As part of a question I was looking into recently I re-stumbled across the SharePoint Server 2010 Capacity Management: Software boundaries and limits article on TechNet. This is full of all kinds of interesting facts and figures to help you plan your solution appropriately. Whilst scanning through it my eye caught on the following entry:
|Limit||Maximum value||Limit type||Notes|
|Social tags, notes and ratings||500,000,000 per social database||Supported||Up to 500 million total social tags, notes and ratings are supported in a social database without significant decreases in performance. However, database maintenance operations such as backup and restore may show decreased performance at that point.|
So the supported limit for number of social tags, notes and ratings is 500 million – that’s a pretty big number right!? But is it big enough? For some reason, that’s the question that popped into my head after reading it. I put together a few quick figures to see if/ when you’d start to run into problems with this limit; perhaps for those scenarios with a solution that really encourages or heavily utilises these social features (which we all want to do right?).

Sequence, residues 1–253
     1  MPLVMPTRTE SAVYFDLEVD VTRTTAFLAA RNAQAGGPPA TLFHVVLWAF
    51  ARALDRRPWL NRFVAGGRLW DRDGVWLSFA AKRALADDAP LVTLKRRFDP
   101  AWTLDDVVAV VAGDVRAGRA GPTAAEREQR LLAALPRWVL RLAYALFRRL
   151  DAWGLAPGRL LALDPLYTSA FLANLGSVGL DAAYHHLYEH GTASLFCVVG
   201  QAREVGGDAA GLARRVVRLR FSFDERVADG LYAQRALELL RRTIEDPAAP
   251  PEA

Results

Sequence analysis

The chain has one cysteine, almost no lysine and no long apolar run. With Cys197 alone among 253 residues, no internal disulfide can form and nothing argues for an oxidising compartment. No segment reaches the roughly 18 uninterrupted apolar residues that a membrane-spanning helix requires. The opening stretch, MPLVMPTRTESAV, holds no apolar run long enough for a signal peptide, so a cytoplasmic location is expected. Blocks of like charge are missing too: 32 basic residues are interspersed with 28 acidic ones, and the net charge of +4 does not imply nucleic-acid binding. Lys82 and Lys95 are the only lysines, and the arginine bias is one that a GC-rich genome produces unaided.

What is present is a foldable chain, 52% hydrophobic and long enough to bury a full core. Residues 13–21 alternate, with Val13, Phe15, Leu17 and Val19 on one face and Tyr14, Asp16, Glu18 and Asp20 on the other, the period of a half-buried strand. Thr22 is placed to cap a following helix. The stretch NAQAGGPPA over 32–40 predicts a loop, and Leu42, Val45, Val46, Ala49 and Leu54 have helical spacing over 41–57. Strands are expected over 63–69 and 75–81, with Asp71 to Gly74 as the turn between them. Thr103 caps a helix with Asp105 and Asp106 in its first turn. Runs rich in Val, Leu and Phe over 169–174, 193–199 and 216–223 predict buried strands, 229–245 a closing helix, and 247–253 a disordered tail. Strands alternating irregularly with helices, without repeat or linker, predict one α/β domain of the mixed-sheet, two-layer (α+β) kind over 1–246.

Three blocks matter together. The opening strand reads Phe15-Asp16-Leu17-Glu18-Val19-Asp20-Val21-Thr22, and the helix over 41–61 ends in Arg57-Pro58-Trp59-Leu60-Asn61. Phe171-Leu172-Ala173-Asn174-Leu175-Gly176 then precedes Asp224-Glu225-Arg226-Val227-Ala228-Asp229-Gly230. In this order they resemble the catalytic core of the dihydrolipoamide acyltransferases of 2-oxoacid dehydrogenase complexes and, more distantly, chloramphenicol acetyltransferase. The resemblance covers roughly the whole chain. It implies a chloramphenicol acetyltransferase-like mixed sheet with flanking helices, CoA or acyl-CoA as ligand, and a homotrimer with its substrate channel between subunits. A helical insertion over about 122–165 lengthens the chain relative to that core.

So, nothing too scientific here but if we take a lifetime of 3 years for the environment and then use an average of 2, 5, 10, 15 updates* on each working day (say 260 a year) and scale this out for some different size organisations: 1000, 10,000 and 50,000 users, we get the following numbers:
|Users||Daily Updates||Updates After 3 Years|
Now as you can see from these simple tables then it takes 50,000 users 3 years of 15 updates a day to break this 500 million barrier! Likely? I think not. So, is 500 million enough? Yes.
*Actually I see the chances of solutions have this many updates and with a consistent frequency being rare, and perhaps even not ever. Off the top of my head I’m thinking of solutions which actually try to build custom functionality that uses the social features, e.g. you must add a rating to a document to prove you’ve read it, or add a daily timesheet using notes!